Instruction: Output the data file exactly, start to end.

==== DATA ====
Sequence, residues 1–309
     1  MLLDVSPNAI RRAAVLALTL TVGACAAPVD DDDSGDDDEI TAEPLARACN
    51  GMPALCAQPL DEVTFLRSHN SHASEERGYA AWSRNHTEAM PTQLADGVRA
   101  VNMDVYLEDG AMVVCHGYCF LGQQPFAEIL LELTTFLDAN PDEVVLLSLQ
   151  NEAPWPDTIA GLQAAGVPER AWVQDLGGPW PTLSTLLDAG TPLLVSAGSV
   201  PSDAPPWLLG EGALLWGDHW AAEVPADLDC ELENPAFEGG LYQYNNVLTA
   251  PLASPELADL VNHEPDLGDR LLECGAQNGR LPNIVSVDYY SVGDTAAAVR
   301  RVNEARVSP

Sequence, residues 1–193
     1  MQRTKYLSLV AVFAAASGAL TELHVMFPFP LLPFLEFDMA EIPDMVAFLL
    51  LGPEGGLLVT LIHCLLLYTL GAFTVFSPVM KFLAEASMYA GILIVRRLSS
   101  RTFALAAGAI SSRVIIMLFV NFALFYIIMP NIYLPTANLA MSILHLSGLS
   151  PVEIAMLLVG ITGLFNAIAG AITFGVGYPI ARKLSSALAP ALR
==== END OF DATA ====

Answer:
Sequence, residues 1–309
     1  MLLDVSPNAI RRAAVLALTL TVGACAAPVD DDDSGDDDEI TAEPLARACN
    51  GMPALCAQPL DEVTFLRSHN SHASEERGYA AWSRNHTEAM PTQLADGVRA
   101  VNMDVYLEDG AMVVCHGYCF LGQQPFAEIL LELTTFLDAN PDEVVLLSLQ
   151  NEAPWPDTIA GLQAAGVPER AWVQDLGGPW PTLSTLLDAG TPLLVSAGSV
   201  PSDAPPWLLG EGALLWGDHW AAEVPADLDC ELENPAFEGG LYQYNNVLTA
   251  PLASPELADL VNHEPDLGDR LLECGAQNGR LPNIVSVDYY SVGDTAAAVR
   301  RVNEARVSP

Sequence, residues 1–193
     1  MQRTKYLSLV AVFAAASGAL TELHVMFPFP LLPFLEFDMA EIPDMVAFLL
    51  LGPEGGLLVT LIHCLLLYTL GAFTVFSPVM KFLAEASMYA GILIVRRLSS
   101  RTFALAAGAI SSRVIIMLFV NFALFYIIMP NIYLPTANLA MSILHLSGLS
   151  PVEIAMLLVG ITGLFNAIAG AITFGVGYPI ARKLSSALAP ALR